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Banyuwangi Cat



In traditional Indonesian art, the individual's expression is never as important as the strict following of the classic forms. Traditional art is always devotional or practical. This unique statue of a cat (or is it a tiger?) is definitely not the work of a traditional artist. Indeed it would appear that this statue was made at school, where students learning to carve would have had access to a variety of carving tools.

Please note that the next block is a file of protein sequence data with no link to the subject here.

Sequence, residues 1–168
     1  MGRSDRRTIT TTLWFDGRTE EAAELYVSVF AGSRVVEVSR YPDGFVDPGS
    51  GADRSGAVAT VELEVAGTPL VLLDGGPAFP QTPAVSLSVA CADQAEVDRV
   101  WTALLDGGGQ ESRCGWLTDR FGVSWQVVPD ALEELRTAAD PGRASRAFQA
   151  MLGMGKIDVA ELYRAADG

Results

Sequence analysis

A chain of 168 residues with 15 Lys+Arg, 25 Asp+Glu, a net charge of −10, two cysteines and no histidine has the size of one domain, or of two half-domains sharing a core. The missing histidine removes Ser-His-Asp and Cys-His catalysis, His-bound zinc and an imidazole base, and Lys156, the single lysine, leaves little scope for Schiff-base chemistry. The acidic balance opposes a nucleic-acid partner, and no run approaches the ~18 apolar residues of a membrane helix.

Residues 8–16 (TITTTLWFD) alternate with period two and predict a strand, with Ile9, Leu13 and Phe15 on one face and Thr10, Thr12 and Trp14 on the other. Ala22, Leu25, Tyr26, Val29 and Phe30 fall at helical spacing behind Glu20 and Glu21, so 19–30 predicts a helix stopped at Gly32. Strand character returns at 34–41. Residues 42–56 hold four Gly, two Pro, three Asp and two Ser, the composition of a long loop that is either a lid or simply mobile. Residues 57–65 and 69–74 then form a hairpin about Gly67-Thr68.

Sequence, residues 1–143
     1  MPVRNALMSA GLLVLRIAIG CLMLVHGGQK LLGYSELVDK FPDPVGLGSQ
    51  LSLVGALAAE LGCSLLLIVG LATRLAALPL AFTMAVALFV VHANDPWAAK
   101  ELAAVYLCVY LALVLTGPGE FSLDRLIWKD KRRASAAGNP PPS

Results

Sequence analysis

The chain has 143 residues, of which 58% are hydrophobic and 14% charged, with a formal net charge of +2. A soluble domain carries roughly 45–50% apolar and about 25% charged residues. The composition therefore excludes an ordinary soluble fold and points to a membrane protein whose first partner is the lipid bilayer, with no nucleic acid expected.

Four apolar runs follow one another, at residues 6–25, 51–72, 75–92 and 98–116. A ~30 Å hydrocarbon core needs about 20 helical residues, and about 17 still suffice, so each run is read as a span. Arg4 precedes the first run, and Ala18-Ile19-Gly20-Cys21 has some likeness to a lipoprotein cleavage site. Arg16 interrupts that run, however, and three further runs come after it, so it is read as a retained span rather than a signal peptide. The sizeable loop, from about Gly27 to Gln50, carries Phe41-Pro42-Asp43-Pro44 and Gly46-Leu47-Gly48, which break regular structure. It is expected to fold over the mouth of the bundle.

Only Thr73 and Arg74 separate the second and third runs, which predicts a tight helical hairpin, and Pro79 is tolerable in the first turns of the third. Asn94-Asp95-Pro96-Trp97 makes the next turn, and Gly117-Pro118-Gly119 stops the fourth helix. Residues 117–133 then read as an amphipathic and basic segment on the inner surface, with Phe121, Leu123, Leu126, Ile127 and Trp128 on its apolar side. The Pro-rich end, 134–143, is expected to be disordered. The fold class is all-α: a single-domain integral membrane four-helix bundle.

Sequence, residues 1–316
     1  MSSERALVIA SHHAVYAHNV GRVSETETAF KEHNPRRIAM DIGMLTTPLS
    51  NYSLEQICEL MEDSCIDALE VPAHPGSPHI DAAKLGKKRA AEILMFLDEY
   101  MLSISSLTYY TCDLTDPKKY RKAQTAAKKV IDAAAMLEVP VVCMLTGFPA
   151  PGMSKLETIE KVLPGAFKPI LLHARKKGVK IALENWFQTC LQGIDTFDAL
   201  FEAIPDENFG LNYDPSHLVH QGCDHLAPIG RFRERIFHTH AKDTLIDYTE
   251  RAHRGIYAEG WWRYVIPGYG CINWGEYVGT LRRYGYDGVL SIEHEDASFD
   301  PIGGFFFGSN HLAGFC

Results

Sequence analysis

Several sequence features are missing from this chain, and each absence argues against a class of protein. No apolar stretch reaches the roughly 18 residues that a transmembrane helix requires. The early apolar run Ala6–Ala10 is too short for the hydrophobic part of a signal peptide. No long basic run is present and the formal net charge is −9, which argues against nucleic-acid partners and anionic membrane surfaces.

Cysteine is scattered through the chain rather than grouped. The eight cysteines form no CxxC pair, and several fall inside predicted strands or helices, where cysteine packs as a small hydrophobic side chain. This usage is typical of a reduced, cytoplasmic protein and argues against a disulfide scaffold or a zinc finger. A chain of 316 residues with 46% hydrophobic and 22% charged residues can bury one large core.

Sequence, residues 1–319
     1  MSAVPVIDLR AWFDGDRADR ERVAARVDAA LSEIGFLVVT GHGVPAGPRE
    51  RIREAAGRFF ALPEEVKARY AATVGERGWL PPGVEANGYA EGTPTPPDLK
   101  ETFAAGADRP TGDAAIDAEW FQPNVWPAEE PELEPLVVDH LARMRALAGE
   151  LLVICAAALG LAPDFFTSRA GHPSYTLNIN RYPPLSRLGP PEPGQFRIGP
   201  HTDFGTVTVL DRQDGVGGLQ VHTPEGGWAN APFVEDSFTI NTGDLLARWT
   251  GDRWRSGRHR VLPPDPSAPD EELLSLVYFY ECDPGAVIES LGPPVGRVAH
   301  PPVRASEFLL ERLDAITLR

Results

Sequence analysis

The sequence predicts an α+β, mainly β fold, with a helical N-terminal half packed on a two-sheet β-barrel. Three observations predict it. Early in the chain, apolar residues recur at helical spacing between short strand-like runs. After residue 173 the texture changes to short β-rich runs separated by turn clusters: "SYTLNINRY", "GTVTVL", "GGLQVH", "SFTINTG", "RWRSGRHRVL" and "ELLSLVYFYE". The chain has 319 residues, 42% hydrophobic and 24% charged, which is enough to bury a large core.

Up to the 1970's Indonesia's educational system put a lot of emphasis on the learning of arts and crafts. The individual's expression was encouraged as part of the new, modern, ideology. This statue as probably made under those conditions, as the artist's eccentricities are the strongest message expressed in this solid teak statue.

The face of this cat has been worked on most and the anthropomorphic expression gives it an endearing quality. The black paint might have been added on later, but the style and the content of this artwork would suggest that this was carved between the years 1950-1970, and was made in the context of the way the government's curriculum emphasised arts and crafts at that time.

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